Newsletter: The Future of a Movement

Earlier this week on the opening day of the 74th UN General Assembly, world leaders adopted the high-level UN Political Declaration on universal health coverage, the most comprehensive health agreement ever made at this level, calling “health for all” a right, not a privilege. UN Secretary General Antonio Guterres affirmed, “The Political Declaration also states the need to ensure universal access to sexual and reproductive health-care services and reproductive rights [as] essential to protect the wellbeing and dignity of women and girls.” 

As we march toward 2030 and beyond, we will be guided by the concepts reaffirmed this week at the UN – of equity, inclusivity, and health for all. For FP2020, continuity and sustainability will remain critical. Our vision for this partnership beyond 2020 continues to put women and girls at the center, focusing on their needs, and finding new ways to better serve them. In the coming days we will post a revised vision framework on the Beyond 2020 webpage, and we look forward to your feedback and to working with you in this critical effort.

Having just returned from attending – for the first time – the International Confederation of Midwives Africa Regional Conference in Namibia, and gearing up for ICPD+25 in Nairobi, the people of this movement are front of mind, as always. Women like the midwives who every day bring new life into our world – often without all the resources they need or the recognition they deserve; the women and men who advocated to include family planning in the original sexual and reproductive health and rights frameworks; those who understood the urgency of women’s need for family planning long before Cairo and carried that charge to ICPD; and the FP movement who now are preparing to head to Nairobi because they know that what was started in Cairo must be advanced in Kenya.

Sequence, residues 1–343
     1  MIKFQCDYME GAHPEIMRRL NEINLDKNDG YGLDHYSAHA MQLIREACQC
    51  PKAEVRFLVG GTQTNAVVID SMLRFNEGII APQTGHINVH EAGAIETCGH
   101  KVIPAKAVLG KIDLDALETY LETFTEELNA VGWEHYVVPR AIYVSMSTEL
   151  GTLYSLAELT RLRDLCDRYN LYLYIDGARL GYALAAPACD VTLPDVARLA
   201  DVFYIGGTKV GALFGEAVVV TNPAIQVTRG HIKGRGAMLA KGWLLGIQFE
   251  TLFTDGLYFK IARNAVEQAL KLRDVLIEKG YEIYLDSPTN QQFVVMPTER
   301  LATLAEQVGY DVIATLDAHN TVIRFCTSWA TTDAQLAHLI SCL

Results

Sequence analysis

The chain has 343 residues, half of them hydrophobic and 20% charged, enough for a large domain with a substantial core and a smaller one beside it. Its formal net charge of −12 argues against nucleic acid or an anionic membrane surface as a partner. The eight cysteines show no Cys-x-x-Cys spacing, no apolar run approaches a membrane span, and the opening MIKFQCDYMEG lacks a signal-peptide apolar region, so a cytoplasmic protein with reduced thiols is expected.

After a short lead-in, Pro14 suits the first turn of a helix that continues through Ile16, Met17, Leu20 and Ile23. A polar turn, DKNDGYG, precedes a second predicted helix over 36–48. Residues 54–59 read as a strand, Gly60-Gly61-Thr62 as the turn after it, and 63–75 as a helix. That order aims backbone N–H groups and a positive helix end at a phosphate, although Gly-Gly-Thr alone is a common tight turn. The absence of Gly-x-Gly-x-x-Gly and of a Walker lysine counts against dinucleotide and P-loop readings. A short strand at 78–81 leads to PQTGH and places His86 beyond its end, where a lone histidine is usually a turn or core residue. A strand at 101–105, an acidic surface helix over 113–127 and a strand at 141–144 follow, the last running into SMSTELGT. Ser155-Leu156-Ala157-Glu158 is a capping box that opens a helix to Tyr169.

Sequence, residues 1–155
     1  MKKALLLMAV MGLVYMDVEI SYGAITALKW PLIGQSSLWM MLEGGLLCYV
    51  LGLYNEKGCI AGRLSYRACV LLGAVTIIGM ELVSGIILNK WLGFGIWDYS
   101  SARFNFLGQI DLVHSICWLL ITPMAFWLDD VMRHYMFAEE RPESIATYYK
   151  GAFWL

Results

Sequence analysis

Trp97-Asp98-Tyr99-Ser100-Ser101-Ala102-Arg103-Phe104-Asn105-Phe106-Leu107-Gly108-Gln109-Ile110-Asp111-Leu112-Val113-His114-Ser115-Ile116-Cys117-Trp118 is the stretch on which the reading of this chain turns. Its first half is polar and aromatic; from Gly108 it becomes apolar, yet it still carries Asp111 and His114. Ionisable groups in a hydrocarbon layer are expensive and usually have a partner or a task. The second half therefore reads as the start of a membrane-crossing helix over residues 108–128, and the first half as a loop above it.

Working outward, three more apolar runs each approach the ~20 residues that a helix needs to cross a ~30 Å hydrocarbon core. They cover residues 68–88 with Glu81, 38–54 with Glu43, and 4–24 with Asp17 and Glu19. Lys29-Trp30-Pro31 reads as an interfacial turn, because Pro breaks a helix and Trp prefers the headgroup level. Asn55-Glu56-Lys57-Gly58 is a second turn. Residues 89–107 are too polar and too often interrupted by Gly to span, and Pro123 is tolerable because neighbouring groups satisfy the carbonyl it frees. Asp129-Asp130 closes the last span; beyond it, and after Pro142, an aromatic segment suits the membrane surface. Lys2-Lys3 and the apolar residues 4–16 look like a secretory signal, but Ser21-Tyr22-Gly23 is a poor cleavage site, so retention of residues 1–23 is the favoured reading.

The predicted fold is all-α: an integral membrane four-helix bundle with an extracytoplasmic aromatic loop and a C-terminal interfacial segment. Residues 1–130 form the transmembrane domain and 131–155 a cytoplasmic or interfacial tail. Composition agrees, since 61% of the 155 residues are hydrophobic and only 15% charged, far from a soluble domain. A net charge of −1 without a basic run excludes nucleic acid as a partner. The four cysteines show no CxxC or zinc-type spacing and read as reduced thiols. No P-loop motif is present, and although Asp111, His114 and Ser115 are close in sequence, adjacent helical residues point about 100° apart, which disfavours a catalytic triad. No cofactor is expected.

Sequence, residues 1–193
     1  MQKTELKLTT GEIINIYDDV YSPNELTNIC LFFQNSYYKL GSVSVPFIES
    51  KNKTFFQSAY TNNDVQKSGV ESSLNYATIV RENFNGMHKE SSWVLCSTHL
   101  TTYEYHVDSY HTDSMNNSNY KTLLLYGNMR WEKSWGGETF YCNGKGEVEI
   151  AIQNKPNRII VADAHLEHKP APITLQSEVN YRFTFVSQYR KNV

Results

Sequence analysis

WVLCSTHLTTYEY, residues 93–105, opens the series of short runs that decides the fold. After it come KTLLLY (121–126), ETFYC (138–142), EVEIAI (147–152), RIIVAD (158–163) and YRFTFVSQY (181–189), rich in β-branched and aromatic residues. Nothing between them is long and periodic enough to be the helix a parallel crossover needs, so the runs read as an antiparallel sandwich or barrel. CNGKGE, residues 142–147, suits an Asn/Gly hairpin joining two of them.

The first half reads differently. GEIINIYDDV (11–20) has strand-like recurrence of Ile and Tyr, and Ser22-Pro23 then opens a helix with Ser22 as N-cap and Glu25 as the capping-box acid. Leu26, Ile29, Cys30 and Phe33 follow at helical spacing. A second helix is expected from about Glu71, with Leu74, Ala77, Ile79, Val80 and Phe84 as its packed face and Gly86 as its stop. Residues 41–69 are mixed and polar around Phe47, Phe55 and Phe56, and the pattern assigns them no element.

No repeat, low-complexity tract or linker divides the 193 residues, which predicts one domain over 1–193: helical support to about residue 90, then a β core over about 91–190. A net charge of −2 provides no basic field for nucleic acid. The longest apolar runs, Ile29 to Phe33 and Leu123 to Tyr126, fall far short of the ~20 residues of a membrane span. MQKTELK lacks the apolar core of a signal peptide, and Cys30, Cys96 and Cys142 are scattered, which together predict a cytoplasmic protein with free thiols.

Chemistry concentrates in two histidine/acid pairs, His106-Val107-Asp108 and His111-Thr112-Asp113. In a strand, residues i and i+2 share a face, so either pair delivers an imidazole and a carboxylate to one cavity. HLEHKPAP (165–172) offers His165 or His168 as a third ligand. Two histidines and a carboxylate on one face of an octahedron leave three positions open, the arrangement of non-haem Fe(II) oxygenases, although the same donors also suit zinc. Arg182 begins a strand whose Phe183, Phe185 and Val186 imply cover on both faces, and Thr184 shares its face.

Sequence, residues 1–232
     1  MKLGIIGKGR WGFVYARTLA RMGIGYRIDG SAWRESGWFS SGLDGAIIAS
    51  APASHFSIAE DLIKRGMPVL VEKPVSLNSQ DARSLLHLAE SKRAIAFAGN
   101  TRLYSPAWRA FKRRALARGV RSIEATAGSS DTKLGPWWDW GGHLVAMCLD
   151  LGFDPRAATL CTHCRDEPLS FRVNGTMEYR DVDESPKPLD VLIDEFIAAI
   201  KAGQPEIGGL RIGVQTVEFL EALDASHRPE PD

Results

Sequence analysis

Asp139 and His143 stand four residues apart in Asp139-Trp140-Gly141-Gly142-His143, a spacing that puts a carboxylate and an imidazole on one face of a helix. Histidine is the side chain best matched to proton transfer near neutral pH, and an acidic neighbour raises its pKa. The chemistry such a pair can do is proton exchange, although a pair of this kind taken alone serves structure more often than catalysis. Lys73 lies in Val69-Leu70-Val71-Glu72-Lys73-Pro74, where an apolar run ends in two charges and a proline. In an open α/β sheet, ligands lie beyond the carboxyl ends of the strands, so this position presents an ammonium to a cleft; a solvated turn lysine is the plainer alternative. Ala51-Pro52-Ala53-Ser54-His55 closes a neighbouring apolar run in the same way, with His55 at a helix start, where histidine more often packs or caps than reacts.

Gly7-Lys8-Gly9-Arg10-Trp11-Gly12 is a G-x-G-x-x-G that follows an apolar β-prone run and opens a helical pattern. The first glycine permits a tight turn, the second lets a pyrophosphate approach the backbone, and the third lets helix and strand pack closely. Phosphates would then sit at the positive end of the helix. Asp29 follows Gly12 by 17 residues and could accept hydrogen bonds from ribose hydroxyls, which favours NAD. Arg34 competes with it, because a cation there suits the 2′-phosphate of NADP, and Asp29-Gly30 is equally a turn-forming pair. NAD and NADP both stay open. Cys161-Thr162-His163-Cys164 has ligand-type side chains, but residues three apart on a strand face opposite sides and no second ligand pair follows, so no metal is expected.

And of course the millions of girls and women worldwide who want to prevent pregnancy by using contraceptives. That’s why this issue focuses on stories of access. Women have a variety of reasons for why they aren’t using contraceptives, but one of them is simply a lack of access. Maybe they arrive at a clinic and are only offered one or two options, or their preferred method is out of stock. Maybe their age or sexual identity and fear of discrimination prevents them from visiting the clinic in the first place. Maybe, due to an absence of quality health care where they live, there isn’t a clinic or a service provider within reach.  

Thank you,

Beth Schlachter